Given the need to buy more time, Mario Draghi’s caution about any tightening of financial conditions amid low core inflation means that policy won’t stray too far from the middle ground.
Within its self-imposed limits on QE purchases, the ECB needs to be able to further ease at any point while keeping bond-market volatility contained.
This post was published at Zero Hedge on Oct 26, 2017.
Today’s ECB meeting is expected to be one of the most important in recent years: Mario Draghi has signaled, and is widely expected to announce a blueprint of what the central bank’s QE tapering will look like beyond 2017, and while no actual tightening will be implemented – either via rates of asset purchases – the ECB is expected to announce it will cut its 60bn/month bond purchases in roughly half starting in January 2018 and lasting for the next 9-15 months.
Courtesy of RanSquawk, here are the key parameters of Thursday’s meeting:
Rate Decision due at 1245BST/0645CDT and Press Conference at 1330BST/0730CDT The ECB is widely expected to keep all rates on hold, with rate hikes not expected until after conclusion of current QE programme The ECB is expected to unveil a road-map for reducing the pace of asset purchases given rhetoric from Draghi at the previous press conference Consensus far from clear on how much the ECB will reduce purchases by and how long they will be extended for RATE/ASSET PURCHASE EXPECTATIONS
DEPOSIT RATE: Forecast to remain unchanged at -0.40%. The rate was last adjusted in March 2016, when it was cut by 10bps. REFI RATE: Forecast to remain unchanged at 0.00%. The rate was last adjusted in March 2016, when it was cut by 5bps. MARGINAL RATE: Forecast to remain unchanged at 0.25%. The rate was last adjusted in March 2016, when it was cut by 5bps. ASSET PURCHASES: Views on this front are particularly wide-ranging. A Reuters poll suggests that the ECB will start trimming monthly asset purchases to EUR 40bln from current EUR 60bln in January. Views are mainly split on whether this will be via a 6- or 9-month extension. However, Bloomberg News reports that the Bank will half purchases to EUR 30bln (a view backed by recent source reports) while extending the programme by 9-months in order to take the total size of purchases to around EUR 2.5trl; a level seen by some as their maximum purchase limit. (Discussed in greater detail later on in the report)
This post was published at Zero Hedge on Oct 26, 2017.
Gold prices fell to the lowest in 3 weeks against all major currencies in London on Wednesday, falling as world stock markets rose after Wall Street set fresh all-time highs despite growing expectations of tighter central-bank policy in the US, UK, and Eurozone.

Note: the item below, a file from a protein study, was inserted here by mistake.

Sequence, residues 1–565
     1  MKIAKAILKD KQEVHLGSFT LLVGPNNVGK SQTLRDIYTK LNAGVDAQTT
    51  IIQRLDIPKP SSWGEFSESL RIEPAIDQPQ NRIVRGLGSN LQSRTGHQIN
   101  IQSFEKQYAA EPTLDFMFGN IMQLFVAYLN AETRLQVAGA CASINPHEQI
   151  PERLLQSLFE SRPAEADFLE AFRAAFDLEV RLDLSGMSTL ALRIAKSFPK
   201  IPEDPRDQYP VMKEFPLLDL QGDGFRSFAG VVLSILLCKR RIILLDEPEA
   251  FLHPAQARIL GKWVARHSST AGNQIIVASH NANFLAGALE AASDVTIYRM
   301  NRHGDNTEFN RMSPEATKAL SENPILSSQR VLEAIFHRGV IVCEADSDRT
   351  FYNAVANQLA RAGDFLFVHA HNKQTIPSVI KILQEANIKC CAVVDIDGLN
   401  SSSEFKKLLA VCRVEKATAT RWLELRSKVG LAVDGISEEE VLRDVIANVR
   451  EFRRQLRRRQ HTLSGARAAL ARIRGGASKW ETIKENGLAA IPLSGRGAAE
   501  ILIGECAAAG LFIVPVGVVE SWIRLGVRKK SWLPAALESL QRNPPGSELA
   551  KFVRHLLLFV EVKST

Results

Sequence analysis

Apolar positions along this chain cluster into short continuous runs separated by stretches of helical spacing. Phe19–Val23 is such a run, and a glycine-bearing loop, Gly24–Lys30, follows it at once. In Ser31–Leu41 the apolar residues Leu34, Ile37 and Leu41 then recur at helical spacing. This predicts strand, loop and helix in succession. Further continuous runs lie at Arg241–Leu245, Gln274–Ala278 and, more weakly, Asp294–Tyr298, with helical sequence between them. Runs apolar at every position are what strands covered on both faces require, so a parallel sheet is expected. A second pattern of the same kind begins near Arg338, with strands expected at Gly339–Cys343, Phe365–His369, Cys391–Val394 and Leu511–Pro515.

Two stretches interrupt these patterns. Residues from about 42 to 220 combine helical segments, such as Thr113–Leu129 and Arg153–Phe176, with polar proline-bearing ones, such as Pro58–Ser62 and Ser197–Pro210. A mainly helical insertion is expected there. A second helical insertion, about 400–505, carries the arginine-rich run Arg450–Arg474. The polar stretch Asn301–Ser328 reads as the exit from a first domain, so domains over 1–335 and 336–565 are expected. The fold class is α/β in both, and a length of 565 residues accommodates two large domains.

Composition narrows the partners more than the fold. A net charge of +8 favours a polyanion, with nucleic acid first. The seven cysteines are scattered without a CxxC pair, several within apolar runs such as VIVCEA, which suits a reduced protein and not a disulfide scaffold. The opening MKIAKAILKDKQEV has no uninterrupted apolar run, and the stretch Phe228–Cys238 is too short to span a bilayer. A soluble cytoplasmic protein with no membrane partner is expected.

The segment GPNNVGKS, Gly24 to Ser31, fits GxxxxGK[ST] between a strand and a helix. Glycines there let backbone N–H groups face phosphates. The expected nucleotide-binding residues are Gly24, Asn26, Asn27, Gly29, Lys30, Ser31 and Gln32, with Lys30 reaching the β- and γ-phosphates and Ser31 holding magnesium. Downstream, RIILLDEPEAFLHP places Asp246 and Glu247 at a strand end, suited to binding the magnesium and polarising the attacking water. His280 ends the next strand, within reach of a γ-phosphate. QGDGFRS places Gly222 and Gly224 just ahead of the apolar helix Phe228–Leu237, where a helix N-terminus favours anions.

UK government Gilt yields jumped to their highest since February followed stronger-than-expected GDP growth for Q3, while US 10-year Treasury yields rose to fresh 7-month highs of 2.45% after news reports said Republican lawmakers advised President Trump to pick “hawkish” economist John Taylor as the next chair of the Federal Reserve.
“Nothing less than the big ‘taper’ plan for next year is expected from Mario Draghi” at tomorrow’s European Central Bank press conference, says CNBC.
Eurozone stock markets edged higher on Wednesday but London’s FTSE100 slipped and the UK-focused FTSE250 held flat after new GDP figures said economic growth held at 1.5% per year in the third quarter of 2017.
This post was published at FinancialSense on 10/25/2017.
Don’t assume the euro will rally when the ECB makes its expected “hawkish” announcement of QE taper plans, according to Bloomberg FX commentator Vassilis Karamanis. In fact, there’s an argument for the opposite occurring. Karamanis explains why the most anticipated move in the markets on Thursday may again be a fade.
Euro Bears May Get Their Chance When Draghi Speaks: Macro View
Policy makers have done a very good job communicating their plans since the idea of a taper first caught traders’ attention. The consensus case is now for the ECB to signal a nine-month extension to its asset-purchase program at a reduced pace of around 30 billion euros a month.
Unless Mario Draghi sounds hawkish (by not talking down the euro or by suggesting interest rates will rise soon after the end of QE), euro bears could take it as a signal to chase a move toward October lows.
This post was published at Zero Hedge on Oct 24, 2017.
The main risk event in the coming week, in addition to a barrage of corporate earnings, will be the ECB’s long-awaited announcement of what the central bank’s QE tapering will look like. Conveniently, thanks to a trial balloon released on October 12, we already know the general parameters of this phasing out of monetization: ECB officials are considering cutting their monthly bond buying by at least half, from 60BN to 30BN, starting in January and keeping their program active for at least nine months, with some potential reference to a lengthening of the maturity of purchases.
According to a Bloomberg survey, the ECB will likely keep buying for about nine months to take the program to just over 2.5 trillion, respondents said before the ECB’s Oct. 26 decision. That’s consistent with what some officials see as the limit in the market under current rules. ECB President Mario Draghi is predicted to announce his first interest-rate increase in early 2019.
This post was published at Zero Hedge on Oct 22, 2017.